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Newsletters | December 5, 2006

December 5, 2006    

    POLICY  \|  DATA + RESEARCH  \|  TOOL + TRAINING  \|  NEWS + MEDIA Forward Editor: Samantha Batko    
Spotlight On...

State Minimum Wages: A Policy the Works


The Economic Policy Institute released “State Minimum Wages: A Policy that Works,” a brief on the potential effects of raising the minimum wage. Since the last federal-level increase in September of 1997, 18 states have independently raised their minimum wage a cumulative 47 times. Consequently, by December 2005, the median minimum wage among those states was more than 25 percent higher than the federal minimum wage. This report analyzes the 18 states with higher minimum wages to determine two things: the effects on wages and the effects on employment and labor supply. The evidence from this analysis suggests that in these states, wages are higher than they would have been without the hikes and raising the minimum wage had no effect on employment rates. In many cases, the employment response has been positive, which is contrary to the primary argument of those who oppose raising the federal minimum wage.

Full Brief



Congress is planning to return to session on December 5 for a brief period before adjourning for the year on December 8. Most appropriations bills, including those that fund homelessness programs in the Departments of Housing and Urban Development, Health and Human Services, and Labor, will be put off until next year. The only housing or homelessness related bill that may be completed this year is the Second Chance Act, which would provide housing and services for returning offenders.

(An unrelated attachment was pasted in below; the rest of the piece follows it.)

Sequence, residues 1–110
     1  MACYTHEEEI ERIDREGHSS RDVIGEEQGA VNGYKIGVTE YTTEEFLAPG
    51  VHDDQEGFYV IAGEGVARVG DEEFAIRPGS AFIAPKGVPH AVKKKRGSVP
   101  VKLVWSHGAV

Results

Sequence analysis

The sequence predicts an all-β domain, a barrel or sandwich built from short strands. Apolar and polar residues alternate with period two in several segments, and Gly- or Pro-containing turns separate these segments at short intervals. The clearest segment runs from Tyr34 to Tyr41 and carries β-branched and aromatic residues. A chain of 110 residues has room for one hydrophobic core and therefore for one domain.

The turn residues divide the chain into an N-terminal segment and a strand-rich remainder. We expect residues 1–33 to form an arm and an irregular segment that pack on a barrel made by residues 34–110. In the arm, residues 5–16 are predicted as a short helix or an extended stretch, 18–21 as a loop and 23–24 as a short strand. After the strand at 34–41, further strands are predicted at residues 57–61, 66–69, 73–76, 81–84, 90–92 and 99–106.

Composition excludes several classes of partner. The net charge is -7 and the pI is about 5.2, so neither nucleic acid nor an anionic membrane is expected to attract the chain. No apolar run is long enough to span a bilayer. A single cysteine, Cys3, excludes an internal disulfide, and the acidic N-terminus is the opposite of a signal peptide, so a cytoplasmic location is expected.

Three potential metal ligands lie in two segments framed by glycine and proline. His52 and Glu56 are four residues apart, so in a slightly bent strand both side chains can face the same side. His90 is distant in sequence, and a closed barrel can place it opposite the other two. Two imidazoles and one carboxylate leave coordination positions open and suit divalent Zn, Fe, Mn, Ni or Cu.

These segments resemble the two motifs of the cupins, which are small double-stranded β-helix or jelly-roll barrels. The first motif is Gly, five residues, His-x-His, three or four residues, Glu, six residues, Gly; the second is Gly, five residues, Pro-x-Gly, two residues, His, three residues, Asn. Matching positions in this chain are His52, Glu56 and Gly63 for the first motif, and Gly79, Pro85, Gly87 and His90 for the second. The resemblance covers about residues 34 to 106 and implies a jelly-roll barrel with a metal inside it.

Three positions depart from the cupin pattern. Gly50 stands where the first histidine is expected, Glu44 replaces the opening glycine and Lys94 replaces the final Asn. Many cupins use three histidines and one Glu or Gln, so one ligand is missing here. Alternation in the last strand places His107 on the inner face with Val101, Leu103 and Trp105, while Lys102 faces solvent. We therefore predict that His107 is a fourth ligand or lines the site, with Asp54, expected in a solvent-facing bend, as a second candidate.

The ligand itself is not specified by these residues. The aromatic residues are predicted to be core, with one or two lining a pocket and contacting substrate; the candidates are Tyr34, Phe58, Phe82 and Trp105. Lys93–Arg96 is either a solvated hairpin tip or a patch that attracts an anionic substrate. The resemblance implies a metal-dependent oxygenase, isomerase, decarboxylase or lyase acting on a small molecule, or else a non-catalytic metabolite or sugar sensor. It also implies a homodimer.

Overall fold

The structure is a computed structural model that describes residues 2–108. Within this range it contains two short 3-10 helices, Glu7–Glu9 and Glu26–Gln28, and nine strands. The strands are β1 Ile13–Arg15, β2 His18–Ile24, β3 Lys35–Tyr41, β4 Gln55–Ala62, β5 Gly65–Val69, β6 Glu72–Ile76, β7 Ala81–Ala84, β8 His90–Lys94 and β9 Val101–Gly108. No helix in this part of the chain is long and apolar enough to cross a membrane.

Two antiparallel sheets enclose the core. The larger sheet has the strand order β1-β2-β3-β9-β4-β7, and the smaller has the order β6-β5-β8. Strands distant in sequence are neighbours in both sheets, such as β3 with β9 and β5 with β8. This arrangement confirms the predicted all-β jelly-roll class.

Progressives Recommend Agenda for First 100 days

“Turnover elections traditionally bring with them both new hope and great expectations,” writes John D. Podesta, President and CEO of the Center for American Progress Action Fund. Podesta recently outlined a policy agenda for the first 100 days of the 110th Congress. On the domestic side, among other things, the Center for American Progress Action Fund calls for expanding the Child Tax Credit and Earned Income Tax Credit. Expansion of EITC, which would benefit about 4 million people, would cost about $7 billion annually. “Our agenda would seek to address existing economic disparities for low and middle income families struggling to make ends meet and further future economic growth and opportunity through greater energy security, education reform, and investments in health prevention,” Podesta says. The American Progress Action Fund is the sister advocacy organization of the Center for American Progress.

Brookings Forum: “Welfare Reform Ten Years Later”

Brookings Institution held a forum entitled “Work Over Welfare: Welfare Reform Ten Years Later” on Thursday, November 16. Featured speakers included Newt Gingrich, who was the Speaker of the House of Representatives in 1996 when President Clinton signed the Personal Responsibility and Work Opportunity Reconciliation Act (PRWORA) into law and Charles Stenholm a former Congressman from Texas who “crossed the aisle” to work with the Republican majority to craft the welfare legislation. Mr. Gingrich noted that by the time Congress acted to reform the Aid to Families with Dependent Children (AFDC) program, the vast majority of the public favored welfare reform—including a majority of welfare recipients. Mr. Gingrich also indicated that while results have been positive for many of the families who exited cash assistance, there are others for whom it has not been successful. He stated that “[T]here are across this country a substantial number of Americans who are outside the system, who don’t know how to be productive, don’t know how to lead complete lives, don’t know how to get educated and when they look at these income distribution patterns – if you adjust for the number of people who are literally out of the system, just redistributing money is not going to get them there.”

The panelists following Mr. Gingrich and Mr. Stenholm’s presentation further explored the outcomes of welfare reform, the outlook for the upcoming Congress, and the need to focus on the single men who are often non-custodial parents who remain in dire poverty.

The National Alliance to End Homelessness is a nonpartisan, non profit organization dedicated to solving the problem of homelessness and preventing its continued growth.

R.T. Rybak, Right click to download pictures.
Take a five minute break from whatever you are doing to hear about emerging issues, new research, and personal stories from experts and leaders in homelessness and housing policy. This months expert is R.T. Rybak, Mayor of Minneapolis, Minnesota.

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